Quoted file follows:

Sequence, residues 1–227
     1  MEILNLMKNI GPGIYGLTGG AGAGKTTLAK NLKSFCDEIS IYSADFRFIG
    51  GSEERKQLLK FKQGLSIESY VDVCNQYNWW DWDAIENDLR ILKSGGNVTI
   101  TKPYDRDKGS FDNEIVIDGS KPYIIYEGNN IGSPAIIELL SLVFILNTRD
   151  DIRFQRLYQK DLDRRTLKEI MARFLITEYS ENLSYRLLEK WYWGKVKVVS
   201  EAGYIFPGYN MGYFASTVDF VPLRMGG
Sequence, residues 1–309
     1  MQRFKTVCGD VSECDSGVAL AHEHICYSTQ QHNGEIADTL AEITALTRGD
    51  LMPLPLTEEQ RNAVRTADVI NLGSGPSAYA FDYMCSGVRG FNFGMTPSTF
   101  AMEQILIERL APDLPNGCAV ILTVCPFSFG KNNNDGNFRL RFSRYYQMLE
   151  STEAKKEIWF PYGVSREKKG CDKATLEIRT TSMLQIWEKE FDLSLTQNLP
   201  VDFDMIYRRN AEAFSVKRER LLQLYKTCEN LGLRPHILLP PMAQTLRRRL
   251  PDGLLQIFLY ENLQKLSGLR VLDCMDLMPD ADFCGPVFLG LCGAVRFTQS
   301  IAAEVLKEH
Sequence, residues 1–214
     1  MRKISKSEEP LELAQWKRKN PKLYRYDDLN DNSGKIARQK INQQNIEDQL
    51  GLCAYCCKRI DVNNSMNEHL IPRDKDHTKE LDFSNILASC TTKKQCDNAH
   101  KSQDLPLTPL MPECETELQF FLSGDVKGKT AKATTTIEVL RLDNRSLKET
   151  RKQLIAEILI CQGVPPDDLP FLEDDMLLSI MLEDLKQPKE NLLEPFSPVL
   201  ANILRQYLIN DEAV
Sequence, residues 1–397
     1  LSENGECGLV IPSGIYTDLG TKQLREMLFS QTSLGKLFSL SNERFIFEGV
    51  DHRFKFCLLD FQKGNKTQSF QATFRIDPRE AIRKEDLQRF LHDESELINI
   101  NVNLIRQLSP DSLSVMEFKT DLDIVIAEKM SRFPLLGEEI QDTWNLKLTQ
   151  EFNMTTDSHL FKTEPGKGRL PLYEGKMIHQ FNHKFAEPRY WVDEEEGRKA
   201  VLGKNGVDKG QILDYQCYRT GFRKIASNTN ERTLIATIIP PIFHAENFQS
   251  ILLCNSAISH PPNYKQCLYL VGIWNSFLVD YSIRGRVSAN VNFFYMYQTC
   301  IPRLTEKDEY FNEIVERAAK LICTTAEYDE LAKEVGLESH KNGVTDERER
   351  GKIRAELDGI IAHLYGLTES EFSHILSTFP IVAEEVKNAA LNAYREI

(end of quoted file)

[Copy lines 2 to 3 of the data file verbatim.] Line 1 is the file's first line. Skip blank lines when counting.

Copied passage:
     1  MEILNLMKNI GPGIYGLTGG AGAGKTTLAK NLKSFCDEIS IYSADFRFIG
    51  GSEERKQLLK FKQGLSIESY VDVCNQYNWW DWDAIENDLR ILKSGGNVTI